And it’s not a hyperfocus on a single goal. It is clarity also to recognize when the first choice is no longer an option. That allows you to switch. Effective adaptability is predicated on clarity.


Anonymous said...

Meh. If it gets women to your seminars, fine, but their egos are far too swollen as it is, and the most important thing you left out is the most obvious:

Men do not naturally want to fight women. They want to love them and protect them. So obvious and yet a cultural blindspot that is invincible these days.

Women want to be badasses and yet at the same time will demand men step in to protect them, or go easy on them, and there will come a point, sooner rather than later, that women will have finally tapdanced on men's final nerve ending, and a man's natural protective instinct will be disrespected out of existence, and then what?

A man will give a woman a fight the same as he gives it to a man. And then we will see how fearless these pint sized single mothers are. And they will say, wait, I want the old ways back, I don't like this equality. But it will be too late, and they will realize that the fearlessness came from never having to face the consequences of their actions, and that reality testing is not so much fun after all.

Tiff said...

A bold comment for someone who is too cowardly to show their true identity...

Maija said...

@ Anonymous

Surely you don't need weak people around you to feel respected do you?

In all honesty, I don't think that women learning how to protect themselves against potential tweaker rapists by getting some physical skills, casts any aspersions on your manhood. And I certainly don't think that it's a fair trade for women to accept the inevitability of submitting to rape and attack just because you want to be confident that you have worth. This is not a zero sum equation. If you can protect yourself and others, why can't I do the same?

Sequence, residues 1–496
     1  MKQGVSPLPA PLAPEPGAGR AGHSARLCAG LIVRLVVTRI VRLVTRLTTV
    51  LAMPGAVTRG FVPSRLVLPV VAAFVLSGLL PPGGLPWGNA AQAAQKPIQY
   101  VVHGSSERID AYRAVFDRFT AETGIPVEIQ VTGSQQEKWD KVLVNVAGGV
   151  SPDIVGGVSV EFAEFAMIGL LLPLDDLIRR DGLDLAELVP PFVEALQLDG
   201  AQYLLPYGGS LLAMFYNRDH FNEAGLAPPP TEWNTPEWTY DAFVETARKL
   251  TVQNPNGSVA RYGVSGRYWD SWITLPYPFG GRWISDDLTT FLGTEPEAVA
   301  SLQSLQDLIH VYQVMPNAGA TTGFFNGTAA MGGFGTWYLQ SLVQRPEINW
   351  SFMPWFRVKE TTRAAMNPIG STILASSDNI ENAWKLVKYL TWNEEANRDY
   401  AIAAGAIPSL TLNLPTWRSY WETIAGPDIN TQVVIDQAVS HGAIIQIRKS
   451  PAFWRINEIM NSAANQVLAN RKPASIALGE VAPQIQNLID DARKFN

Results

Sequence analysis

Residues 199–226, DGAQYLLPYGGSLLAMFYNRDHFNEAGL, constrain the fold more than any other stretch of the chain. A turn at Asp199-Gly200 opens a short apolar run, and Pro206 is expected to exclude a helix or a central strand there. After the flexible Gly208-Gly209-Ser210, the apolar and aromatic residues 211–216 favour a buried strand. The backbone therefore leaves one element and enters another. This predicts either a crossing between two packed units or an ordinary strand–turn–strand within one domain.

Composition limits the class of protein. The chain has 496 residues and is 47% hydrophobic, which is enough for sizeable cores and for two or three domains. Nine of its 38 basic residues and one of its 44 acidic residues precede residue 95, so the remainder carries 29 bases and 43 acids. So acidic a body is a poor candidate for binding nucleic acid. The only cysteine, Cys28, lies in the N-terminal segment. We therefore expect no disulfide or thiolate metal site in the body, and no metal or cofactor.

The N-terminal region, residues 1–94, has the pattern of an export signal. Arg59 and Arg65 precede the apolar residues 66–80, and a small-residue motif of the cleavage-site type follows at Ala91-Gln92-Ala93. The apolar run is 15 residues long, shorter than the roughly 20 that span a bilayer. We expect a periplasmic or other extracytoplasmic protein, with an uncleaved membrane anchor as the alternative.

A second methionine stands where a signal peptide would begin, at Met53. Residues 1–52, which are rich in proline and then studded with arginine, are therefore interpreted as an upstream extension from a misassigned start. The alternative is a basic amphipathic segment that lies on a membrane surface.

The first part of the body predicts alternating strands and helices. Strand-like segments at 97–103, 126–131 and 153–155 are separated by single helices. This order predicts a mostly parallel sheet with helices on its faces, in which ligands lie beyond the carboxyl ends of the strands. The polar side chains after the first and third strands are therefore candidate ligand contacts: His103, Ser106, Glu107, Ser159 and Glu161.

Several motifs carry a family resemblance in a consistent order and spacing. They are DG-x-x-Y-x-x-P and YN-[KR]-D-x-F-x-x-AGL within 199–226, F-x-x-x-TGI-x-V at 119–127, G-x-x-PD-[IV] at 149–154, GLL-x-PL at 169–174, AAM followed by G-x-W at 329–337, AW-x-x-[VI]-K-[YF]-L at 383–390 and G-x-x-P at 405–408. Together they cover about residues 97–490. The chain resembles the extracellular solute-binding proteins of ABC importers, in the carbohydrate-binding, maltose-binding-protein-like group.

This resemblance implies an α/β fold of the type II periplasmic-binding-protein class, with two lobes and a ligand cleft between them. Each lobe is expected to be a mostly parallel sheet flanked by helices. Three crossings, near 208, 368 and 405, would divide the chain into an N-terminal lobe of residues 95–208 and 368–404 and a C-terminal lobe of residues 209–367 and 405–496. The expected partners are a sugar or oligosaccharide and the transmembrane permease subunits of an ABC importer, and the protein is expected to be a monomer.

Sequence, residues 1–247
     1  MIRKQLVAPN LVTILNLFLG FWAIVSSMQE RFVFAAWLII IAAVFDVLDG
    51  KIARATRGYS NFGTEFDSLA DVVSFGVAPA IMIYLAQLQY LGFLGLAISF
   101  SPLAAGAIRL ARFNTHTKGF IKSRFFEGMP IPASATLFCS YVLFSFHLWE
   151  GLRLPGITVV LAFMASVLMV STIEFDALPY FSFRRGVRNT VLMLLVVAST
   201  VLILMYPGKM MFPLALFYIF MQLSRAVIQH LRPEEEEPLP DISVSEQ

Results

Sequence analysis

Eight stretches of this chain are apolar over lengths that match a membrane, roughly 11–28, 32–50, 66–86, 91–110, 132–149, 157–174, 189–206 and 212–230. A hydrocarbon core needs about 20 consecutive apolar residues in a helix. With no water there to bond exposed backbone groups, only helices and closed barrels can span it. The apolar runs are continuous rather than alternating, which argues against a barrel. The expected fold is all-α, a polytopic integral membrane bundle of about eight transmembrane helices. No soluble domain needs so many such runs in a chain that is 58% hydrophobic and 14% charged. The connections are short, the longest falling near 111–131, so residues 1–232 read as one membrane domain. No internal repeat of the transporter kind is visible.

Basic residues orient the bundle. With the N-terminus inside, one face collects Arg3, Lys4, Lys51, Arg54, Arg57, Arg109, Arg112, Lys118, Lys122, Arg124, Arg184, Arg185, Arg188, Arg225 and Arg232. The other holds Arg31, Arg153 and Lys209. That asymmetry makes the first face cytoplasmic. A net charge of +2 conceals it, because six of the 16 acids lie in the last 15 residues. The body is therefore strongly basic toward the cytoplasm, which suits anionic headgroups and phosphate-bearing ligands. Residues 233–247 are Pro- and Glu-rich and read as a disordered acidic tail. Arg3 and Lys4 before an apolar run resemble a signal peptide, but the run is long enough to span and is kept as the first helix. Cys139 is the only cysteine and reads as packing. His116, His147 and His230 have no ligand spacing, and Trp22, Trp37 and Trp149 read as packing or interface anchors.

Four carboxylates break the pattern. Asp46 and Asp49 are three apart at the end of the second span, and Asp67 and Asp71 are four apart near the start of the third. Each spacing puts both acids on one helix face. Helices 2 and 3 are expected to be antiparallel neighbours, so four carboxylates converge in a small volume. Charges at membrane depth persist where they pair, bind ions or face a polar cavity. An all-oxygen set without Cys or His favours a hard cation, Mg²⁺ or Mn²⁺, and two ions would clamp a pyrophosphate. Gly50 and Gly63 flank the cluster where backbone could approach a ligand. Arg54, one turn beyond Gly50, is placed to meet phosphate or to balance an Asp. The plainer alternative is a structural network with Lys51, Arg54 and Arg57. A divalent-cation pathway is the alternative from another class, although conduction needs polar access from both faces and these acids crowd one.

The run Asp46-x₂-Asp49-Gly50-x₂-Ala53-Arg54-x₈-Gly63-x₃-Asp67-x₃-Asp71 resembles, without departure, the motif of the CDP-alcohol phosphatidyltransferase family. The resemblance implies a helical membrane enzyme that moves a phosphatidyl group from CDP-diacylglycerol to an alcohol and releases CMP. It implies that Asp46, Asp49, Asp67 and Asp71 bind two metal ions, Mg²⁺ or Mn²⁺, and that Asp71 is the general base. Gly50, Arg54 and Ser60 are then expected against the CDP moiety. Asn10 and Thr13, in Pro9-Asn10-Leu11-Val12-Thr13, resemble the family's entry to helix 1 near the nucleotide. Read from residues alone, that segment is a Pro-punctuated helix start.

Women and men are not competing for dominance here. All good people should be fighting side by side against those that would prey upon the weak and do evil things.

Anonymous said...

For any person who thinks that women and girls can't fight or defend themselves, I have just two words: Ronda Rousey. For those who do not know, Ronda Rousey is a woman who is an undefeated champion in the UFC, and an Olympic medalist in judo. I purchased her autobiographical book earlier today at a bookstore. Her book, "My Fight/Your Fight", hit bookstores in mid-May, 2015. In my opinion, Ronda Rousey could probably physically kick the crap out of 95% of the men on this planet. The other 5%, she'd be smart enough to spot, and deal with those men with a different strategy.
Azar Hassan

Anonymous said...

Hmm, this is nice, I'm stealing a few quotes from it :)
I kinda want to split technical superiority into "doing better things" and "doing things better".
Doing better things: Higher percentage, more appropriate actions. Ear slap instead of trying to knock someone out with a punch. Grabbing the windpipe when clinched instead of trying to out-wrestle the guy.
Doing things better: Good enough structure & power generation that the knock out punch can work. Being able to out-wrestle someone bigger & stronger because you move better.
Doing things better requires a lot of physical skill. Doing better things, not necessarily, but probably requires the clarity you mentioned. Just a thought.

I find Ronda Rousey is not a great example, precisely because she is that good (extreme outlier) and because the type of fighting she does is against equals for dominance. Very much a different game. Still impressive as hell though.

Josh Kruschke said...

"Effective adaptability is predicated on clarity."

Clarity.... Hmmm....

Unknown said...

I was the small kid. Got pushed around a ton. Then one day, after years, I got pushed, and something broke or clicked. I just didn't care, all that mattered was hurting the person pushing me around.

Took two of those, and after that no one bothered me any more. Still didn't like me, most of them, but they didn't try and push me around any more.

That switch is something I could access any time I wanted in my 20s, but I seem to have lost instant access as I got older. Pity.